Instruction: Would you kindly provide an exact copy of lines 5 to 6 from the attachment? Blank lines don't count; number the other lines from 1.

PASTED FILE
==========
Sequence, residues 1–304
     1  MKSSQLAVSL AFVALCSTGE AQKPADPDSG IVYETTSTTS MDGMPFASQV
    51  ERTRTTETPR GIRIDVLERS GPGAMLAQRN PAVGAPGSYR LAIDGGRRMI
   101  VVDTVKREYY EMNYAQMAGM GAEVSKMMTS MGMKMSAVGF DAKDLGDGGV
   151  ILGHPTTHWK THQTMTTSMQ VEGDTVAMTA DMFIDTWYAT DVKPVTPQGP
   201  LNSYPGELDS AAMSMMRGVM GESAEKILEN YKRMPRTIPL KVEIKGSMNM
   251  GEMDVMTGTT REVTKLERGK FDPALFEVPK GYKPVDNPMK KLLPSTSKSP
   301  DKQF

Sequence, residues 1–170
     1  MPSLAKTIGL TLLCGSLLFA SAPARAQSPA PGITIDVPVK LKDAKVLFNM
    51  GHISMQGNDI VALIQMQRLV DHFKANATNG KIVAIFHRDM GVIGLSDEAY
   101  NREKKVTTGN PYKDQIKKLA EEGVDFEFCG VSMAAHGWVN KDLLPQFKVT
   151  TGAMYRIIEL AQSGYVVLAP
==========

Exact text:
   151  ILGHPTTHWK THQTMTTSMQ VEGDTVAMTA DMFIDTWYAT DVKPVTPQGP
   201  LNSYPGELDS AAMSMMRGVM GESAEKILEN YKRMPRTIPL KVEIKGSMNM